Islamabad: The trend of unregistered schools in Pakistan is very common as 18% of primary, 14% of lower secondary and 4% of upper secondary are operating without regulation or registration by relevant government bodies, according to a published report. In Monday.
The report titled “Global Education Monitoring Report 2022, Non-State Actors in Education, Who Chooses Who Loses” was produced by Idara-e-Taleem-o-Aagahi (ITA) in collaboration with the Organization of United Nations Educational, Scientific and Cultural Organization (UNESCO).
The report found that a rapid proliferation of private education institutions requires stronger oversight to ensure quality and equity are not put at risk.
The report states that out of 5,000 total schools in Rawalpindi, two-thirds of private schools are unregistered, adding that the private school census of 2016-17, some 54,000 private schools were providing pre-primary education in Punjab province. under various categorisations, such as pre-nursery, nursery and prep. The majority of the programs operated as unregulated entities with no government oversight or oversight.
He recalled that less than 3% of annual GDP has been spent on education over the past 12 years. Due to this context, the report adds, schools in the public sector fall short in terms of supply and quality.
“Private education has developed to fill the gaps. A third of students in Pakistan attend private schools, 45% of those in private education and 25% of those in public education in urban areas pay for additional private tuition,” adding that 8% of students are enrolled in religious schools.
The report highlights the exponential growth of private tutoring and educational technology companies in the country, mainly due to the rapid growth of the labor market and the resulting competitiveness in the education system. Compared to other countries in the South, he added, a tutoring franchise model is prevalent in the country, with companies or academies running schools and tuition centers and developing their own curricula and manuals.
The report further noted the stark disparities in learning outcomes between privately-educated and state-educated students. Those attending private schools consistently score significantly higher than those attending public schools where the student-teacher ratio reaches 92:1. However, after controlling for socioeconomic status, the relative advantage in learning outcomes enjoyed by private schools is reduced or eliminated.
COVID-19 has both highlighted and exacerbated existing problems in the country’s education system, adding that privately funded institutions with students from more financially stable backgrounds were often better prepared to deal with the implications. school closures and the suspension of in-person instruction. . However, with only 14.3% of families across the country having access to a laptop or desktop computer, and only 4% of the population knowing basic ICT skills, remote learning was much more difficult to organize. for low-budget public schools.
Additionally, as COVID-19 has dealt a blow to global economies, income levels have suffered and public schools have been overwhelmed by an influx of students who could no longer afford private schools. Enrollment in private schools fell from 23% in 2019 to 19% in 2021.
The report urges the government to increase its involvement in education systems and made five policy recommendations to improve the quality and equity of education in all schools in South Asia: that the report has shattered many myths about the private sector and the public sector in education as it provides a holistic view revealing what works and what does not.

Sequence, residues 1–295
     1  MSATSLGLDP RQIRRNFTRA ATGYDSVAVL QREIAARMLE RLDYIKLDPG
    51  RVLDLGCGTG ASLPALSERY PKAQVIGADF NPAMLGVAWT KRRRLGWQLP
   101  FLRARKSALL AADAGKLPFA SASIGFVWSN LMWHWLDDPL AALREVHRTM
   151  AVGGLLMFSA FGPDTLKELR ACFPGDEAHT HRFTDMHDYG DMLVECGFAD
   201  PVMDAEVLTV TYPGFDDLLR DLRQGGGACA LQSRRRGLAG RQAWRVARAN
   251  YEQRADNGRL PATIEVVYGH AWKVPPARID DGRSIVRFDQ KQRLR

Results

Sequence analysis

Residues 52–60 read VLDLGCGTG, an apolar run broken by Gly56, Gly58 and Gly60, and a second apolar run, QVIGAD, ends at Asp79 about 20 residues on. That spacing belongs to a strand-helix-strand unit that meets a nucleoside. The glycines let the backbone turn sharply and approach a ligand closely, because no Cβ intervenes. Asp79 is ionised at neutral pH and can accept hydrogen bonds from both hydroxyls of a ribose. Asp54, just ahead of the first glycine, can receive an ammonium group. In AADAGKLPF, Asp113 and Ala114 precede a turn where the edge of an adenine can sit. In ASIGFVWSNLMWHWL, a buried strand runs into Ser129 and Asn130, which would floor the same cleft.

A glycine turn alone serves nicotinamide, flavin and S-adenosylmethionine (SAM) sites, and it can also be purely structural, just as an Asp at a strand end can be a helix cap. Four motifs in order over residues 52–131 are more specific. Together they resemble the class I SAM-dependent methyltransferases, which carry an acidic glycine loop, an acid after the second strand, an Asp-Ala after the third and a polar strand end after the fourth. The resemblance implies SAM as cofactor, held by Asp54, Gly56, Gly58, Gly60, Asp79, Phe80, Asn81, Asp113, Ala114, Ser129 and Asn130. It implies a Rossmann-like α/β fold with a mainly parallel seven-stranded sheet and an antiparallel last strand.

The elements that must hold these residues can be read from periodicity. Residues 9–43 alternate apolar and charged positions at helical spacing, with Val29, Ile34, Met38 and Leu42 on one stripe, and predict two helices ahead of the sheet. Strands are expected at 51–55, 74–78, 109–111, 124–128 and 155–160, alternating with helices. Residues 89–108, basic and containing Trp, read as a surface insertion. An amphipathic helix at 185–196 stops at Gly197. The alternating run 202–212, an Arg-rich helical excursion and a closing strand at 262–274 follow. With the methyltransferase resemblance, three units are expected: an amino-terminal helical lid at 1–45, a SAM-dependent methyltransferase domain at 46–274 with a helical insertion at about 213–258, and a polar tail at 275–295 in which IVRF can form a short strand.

The report, Ajmal said, raised questions about the effectiveness of many practices in learning outcomes, cost-effectiveness and administration. He recalled that in fact, many aspects of the reports needed to be deliberated upon in consultation with all stakeholders while finding a roadmap to develop comprehensive policies for the education sector. Ajmal further pointed out that private schools in our countries work as non-state actors and that these actors are considered an integral part of any society in the world.
Baela Raza Jamil, CEO of ITA, said that in Pakistan, the private sector is filling critical gaps in the provision of education services in urban and rural areas, not only in preschools, schools, colleges and universities, but also in the vital areas of disability services, teacher preparation, EdTech, textbooks and assessments.
Given the sector’s enormous challenges and multiple emergencies, there is an urgent need for enabling standards as well as predictable regulatory regimes and state support systems to work together to improve key measures on access with quality. , inclusion and equity; Pakistan must accelerate actions with all actors to catch up on fundamental learning and SDG 4 targets in South Asia”.
Federal Board of Middle and Secondary Education (FBISE) Chairman Qaiser Alam said there are still a lot of challenges in the private sector when it comes to teacher training specifically, especially in the area of low-cost schools and look to the government for support. said it is really important that we look at non-state actors in the country in the midst of a humanitarian crisis such as COVID-19. Irfan Muzaffar Technical Advisor, Education Reforms KPK said equity in education service delivery is becoming a focal point through publications such as the GEM report.
“We need to fundamentally change who teaches, as the report also indicates,” said Khadija Bakhtiar, CEO and Founder of Teach For Pakistan.
Freya Perry, Education Advisor for Foreign Common Wealth and Development, said there are many potentials we need to make available to us to ensure that learning outcomes are achieved.